Attention, home buyers, homeowners and renters: 2024 might treat you more kindly than 2023 did.
The housing market was downright hostile in 2023. The 30-year mortgage rate rose from about 6% in February to 8% in October. The median home price peaked above $400,000. Home affordability plunged.
2024 will bring lower mortgage rates, forecasters predict. If they’re right, home buyers will gain purchasing power. “It’ll be nice to move past the point where we’re not setting new records for unaffordability,” says Danielle Hale, chief economist for Realtor.com.
If optimistic forecasts are accurate, more homeowners might list their homes for sale in 2024, even if it means giving up their low mortgage rates. And renters might get some relief too.
Here are mortgage and housing trends to watch for in 2024.
Mortgage rates should trend a little lower
Fannie Mae, the Mortgage Bankers Association and the National Association of Realtors all predict that the 30-year mortgage rate will fall to below 7% in the second half of 2024.
Daryl Fairweather, chief economist for Redfin, agrees that rates will fall, but she cautions that the decline won’t be smooth. “I think there will be swings,” she says. “And the swings will be large, both up and down. But the trend will be, on average, down.”
A couple of things to keep in mind. First, the three organizations failed to forecast the rise in mortgage rates in 2023. Second, even if they’re correct about rates falling in 2024, they still predict that the 30-year mortgage will end the year above 6%. They’re not saying that rates will fall to the sub-4% levels seen from 2019 and into 2022.
“I think the era of very low interest rates was just like a once-in-a-generation thing to happen,” says Dave Liniger, who co-founded Re/Max Holdings, a real estate franchiser, two generations ago in 1973. “And I just don’t see it going back.”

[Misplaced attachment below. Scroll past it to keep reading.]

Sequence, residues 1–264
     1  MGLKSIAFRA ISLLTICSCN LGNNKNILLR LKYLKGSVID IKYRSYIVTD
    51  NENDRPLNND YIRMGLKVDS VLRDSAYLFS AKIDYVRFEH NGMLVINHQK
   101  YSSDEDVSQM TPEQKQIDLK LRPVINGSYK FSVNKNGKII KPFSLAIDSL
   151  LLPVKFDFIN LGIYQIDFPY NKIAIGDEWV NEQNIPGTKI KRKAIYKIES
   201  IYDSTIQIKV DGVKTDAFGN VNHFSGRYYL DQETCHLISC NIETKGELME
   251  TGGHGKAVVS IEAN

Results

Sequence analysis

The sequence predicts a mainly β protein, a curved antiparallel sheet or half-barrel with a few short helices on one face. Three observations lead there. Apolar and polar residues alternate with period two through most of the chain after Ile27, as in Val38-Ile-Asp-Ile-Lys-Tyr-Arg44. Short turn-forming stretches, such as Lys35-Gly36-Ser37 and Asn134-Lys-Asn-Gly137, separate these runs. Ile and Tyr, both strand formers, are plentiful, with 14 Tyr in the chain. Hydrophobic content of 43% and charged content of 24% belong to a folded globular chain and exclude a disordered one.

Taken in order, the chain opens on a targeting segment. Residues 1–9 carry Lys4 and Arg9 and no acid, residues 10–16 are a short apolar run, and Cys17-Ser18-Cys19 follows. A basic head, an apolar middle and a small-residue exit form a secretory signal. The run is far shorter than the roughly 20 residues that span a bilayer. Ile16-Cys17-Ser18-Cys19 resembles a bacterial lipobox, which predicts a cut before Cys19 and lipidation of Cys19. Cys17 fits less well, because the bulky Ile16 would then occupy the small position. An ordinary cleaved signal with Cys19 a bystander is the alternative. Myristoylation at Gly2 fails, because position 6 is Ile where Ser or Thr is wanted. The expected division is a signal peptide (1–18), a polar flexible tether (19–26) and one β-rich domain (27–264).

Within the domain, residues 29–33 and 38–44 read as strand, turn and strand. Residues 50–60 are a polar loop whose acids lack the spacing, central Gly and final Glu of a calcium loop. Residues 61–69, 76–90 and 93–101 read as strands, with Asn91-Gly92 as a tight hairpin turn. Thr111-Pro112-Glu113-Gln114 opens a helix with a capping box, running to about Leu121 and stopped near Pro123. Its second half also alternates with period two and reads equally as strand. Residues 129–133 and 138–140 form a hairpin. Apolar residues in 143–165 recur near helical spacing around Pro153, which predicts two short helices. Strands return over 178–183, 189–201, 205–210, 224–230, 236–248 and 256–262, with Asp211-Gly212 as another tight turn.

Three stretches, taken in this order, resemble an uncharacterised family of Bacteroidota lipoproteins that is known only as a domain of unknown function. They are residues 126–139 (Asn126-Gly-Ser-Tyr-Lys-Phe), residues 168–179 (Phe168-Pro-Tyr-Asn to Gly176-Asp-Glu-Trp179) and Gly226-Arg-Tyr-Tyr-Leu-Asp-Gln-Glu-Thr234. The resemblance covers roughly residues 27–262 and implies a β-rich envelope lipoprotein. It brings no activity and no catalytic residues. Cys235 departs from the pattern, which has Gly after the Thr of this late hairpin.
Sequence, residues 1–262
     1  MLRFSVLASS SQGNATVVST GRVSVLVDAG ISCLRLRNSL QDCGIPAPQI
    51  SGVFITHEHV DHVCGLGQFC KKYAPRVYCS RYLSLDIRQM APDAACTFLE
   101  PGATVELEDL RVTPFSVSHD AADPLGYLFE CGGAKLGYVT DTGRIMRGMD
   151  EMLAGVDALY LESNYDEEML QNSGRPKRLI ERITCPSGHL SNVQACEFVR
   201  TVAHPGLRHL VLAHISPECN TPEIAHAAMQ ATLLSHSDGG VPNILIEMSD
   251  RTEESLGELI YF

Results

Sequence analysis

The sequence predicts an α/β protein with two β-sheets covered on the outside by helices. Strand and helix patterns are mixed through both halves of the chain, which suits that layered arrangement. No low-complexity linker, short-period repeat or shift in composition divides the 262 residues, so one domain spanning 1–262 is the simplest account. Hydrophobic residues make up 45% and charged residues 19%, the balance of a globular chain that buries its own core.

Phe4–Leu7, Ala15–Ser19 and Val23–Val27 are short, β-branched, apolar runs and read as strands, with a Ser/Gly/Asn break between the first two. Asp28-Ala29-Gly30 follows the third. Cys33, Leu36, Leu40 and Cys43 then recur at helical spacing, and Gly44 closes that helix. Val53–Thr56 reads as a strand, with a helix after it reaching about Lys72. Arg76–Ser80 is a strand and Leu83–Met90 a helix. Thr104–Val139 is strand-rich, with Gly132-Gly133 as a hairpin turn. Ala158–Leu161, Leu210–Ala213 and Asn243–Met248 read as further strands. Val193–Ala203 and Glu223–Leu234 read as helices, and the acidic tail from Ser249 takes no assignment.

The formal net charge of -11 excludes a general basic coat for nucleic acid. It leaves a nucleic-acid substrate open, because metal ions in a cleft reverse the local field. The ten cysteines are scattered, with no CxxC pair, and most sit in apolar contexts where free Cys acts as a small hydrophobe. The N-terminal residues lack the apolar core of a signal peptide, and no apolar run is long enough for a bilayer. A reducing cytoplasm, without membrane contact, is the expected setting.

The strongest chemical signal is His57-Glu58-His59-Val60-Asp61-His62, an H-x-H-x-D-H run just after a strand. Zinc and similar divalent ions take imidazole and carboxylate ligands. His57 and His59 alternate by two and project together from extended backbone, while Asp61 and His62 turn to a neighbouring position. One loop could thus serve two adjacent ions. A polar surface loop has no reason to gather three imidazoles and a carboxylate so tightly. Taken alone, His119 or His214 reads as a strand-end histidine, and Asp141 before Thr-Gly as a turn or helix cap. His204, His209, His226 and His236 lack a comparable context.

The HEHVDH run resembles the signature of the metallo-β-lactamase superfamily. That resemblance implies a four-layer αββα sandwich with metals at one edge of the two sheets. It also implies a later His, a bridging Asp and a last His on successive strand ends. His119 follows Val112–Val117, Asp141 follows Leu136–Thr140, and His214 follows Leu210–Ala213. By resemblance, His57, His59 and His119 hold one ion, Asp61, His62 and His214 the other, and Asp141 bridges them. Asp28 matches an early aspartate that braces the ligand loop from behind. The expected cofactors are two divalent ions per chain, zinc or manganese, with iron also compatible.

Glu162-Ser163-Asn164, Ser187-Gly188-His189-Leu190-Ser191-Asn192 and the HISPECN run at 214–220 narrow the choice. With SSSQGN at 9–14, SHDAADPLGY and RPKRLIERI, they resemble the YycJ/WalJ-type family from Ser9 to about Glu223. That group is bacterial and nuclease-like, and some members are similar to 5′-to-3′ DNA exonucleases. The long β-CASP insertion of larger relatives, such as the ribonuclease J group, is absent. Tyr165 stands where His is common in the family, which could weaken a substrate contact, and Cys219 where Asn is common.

But home prices won’t fall much, if at all
If you hope for plunging prices, you’re probably not going to get your wish in 2024.
If prices fall — and that’s a big “if” — they won’t decline much, because the market has reached a persistent equilibrium: Few homes were on the market toward the end of 2023, and buyers were deterred by high interest rates. The standoff is likely to continue. Home prices won’t fall until buyers are outnumbered by sellers.
“We just have very, very few sellers,” said Mike Simonsen, president of real estate analytics firm Altos Research, in a video presentation on Oct. 23. “Declining home prices probably require that supply-and-demand imbalance, and what we have is really a balance. There’s a balance between low demand and low supply.”
If lower rates revive demand, won’t that drive prices higher? Economic theory says yes. But human behavior is more complex than economic theory.
“In general, you would expect that if mortgage rates fall, it creates more affordability and that should kind of boost housing demand, which might then push prices back up,” Hale says. “I don’t expect that we’re going to see that trend in 2024.”
Why not? Affordability, Hale says. Buyers’ finances are already stretched to the limit, so there won’t be much room for home prices to rise, even if mortgage rates fall.
More new construction of single-family homes
Until more houses hit the market, prices don’t have much room to move down.